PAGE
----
Guidance for managers on absence triggers
A sickness absence trigger level is defined as the level or frequency of absence over a prescribed period that gives rise to concern. It is also the level set by the Council that prompts an automatic intervention by an employee’s line manager under the Supporting Attendance at Work Policy and Procedures. Further guidance on short term absences and long term absences provides details of what will happen once a trigger is reached.
The purpose of the trigger is to ensure the line manager reviews the employee’s attendance record and provides appropriate support and assistance where necessary to enable them to attend work.
On each occasion that an episode of sickness absence occurs, the line manager will review the employee’s record of absence over the previous 12-month rolling period. Where the absence results in a trigger being reached, appropriate action will be taken by the manager.
What are the absence triggers?
The Council’s corporately agreed triggers are:
- Four or more instances of sickness absence in a twelve-month rolling period, irrespective of the length of absence
- Ten or more cumulative days of sickness absence within a twelve month rolling period
- Continuous absence of more than 28 days
- Where the reason for the absence is stress or a similar condition.
Managers are entitled to raise concerns about attendance with employees at any stage. This is relevant, but not limited to, cases where patterns of absence emerge which do not meet the triggers above and therefore do not automatically lead to a Supporting Attendance Meetings.
When managing attendance, managers will need to exercise discretion and employ a test of ‘reasonableness’ taking into account the level of absence, the employee’s absence history and the operational effect this is having on the Service and other colleagues. Managers must remember that each employee and their absence record is unique and should look at the circumstances of each period of absence leading up to the trigger including:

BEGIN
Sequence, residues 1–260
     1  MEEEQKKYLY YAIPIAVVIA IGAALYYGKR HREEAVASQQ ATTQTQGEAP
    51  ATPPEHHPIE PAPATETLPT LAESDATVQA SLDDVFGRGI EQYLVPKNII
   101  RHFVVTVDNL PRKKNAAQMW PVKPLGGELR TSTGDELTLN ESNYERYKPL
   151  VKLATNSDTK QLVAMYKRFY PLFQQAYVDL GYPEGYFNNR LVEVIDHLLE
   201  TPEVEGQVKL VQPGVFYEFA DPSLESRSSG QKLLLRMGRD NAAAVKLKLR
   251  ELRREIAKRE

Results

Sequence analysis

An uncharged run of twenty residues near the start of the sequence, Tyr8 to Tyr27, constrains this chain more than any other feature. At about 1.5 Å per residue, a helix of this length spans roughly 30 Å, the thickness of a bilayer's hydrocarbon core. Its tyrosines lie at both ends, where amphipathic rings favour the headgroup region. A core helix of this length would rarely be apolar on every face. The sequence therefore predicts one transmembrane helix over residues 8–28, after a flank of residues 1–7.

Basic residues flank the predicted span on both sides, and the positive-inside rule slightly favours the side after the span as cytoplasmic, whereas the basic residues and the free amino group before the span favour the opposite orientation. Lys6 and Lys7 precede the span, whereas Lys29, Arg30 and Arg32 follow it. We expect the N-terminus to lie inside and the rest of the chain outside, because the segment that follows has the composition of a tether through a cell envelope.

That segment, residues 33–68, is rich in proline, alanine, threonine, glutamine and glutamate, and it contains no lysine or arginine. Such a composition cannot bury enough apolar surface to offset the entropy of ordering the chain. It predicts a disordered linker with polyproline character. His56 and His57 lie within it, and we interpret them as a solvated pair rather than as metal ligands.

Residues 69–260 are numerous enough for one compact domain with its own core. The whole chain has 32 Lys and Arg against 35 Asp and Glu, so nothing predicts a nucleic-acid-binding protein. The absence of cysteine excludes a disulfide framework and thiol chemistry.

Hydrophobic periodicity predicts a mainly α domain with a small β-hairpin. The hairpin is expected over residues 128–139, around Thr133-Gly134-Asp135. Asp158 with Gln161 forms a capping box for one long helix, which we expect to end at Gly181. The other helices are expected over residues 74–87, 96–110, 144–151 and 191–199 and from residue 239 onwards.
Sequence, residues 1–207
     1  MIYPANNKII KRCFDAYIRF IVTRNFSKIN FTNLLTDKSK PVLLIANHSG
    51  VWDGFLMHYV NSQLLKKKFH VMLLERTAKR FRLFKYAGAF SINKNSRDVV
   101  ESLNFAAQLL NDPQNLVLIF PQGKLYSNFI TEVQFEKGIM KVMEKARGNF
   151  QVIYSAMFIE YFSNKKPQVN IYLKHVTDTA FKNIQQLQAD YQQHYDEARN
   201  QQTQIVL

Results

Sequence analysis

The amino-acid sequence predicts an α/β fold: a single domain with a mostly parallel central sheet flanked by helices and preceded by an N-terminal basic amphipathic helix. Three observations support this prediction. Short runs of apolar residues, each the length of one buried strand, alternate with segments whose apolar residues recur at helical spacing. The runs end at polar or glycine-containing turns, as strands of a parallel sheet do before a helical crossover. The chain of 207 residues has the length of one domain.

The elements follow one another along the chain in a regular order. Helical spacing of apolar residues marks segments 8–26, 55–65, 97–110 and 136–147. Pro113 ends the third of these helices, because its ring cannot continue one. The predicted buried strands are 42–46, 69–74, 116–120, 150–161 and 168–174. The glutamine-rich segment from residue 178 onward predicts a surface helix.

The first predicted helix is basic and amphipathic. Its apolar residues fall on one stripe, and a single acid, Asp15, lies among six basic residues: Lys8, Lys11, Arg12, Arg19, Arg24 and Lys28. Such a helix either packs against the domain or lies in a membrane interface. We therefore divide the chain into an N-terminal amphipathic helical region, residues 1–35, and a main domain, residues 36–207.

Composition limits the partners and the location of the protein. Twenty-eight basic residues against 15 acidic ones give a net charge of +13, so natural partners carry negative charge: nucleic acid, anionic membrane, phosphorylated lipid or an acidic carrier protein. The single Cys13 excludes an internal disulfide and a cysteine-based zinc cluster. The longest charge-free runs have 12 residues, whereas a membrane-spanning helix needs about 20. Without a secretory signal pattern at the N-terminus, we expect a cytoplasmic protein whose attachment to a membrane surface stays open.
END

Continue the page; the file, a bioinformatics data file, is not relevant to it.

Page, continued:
- The reason for each absence and whether there is any connection between them;
- The duration of each period of sickness absence;
- Identifying any work based patterns and any links to any other leave. Although managers should be alert to the possibility of any pattern, for example frequent absence on Mondays, or before or after leave, managers should remain open-minded and not jump to conclusions about an employee’s absences; and
- The impact on service delivery/team morale.
Triggers for part time employees
These pro-rata triggers will ensure that the opportunity to support part time staff in early course at a Supporting Attendance Meeting is not missed.
The threshold of 10 days’ absence in a twelve-month period that requires a full time employees to attend a Stage 1 and Stage 2 Supporting Attendance Meeting with their manager will be pro-rated for part time workers. This is shown in the table below:
Number of working days the employee
works per week (full or part days)
Trigger for cumulative days
of sickness absence
For example, an employee who works two days per week will trigger a Supporting Attendance Meeting – Stage 1, if they have 4 cumulative working days’ absence in a rolling 12-month period.
Should an employee’s contractual status change during a Supporting at Work attendance monitoring period, for example they go from full time to part time, then the existing trigger set (for full time staff) will apply until the employee is invited to another meeting in line with this procedure, and a new trigger (for part time staff) is set.
Where the employee’s part-time working pattern is variable, the number of working days per week will be averaged to the nearest whole number.
The trigger for four or more instances of sickness absence in a twelve-month rolling period (irrespective of the length of absence) will apply to both part-time and full-time employees.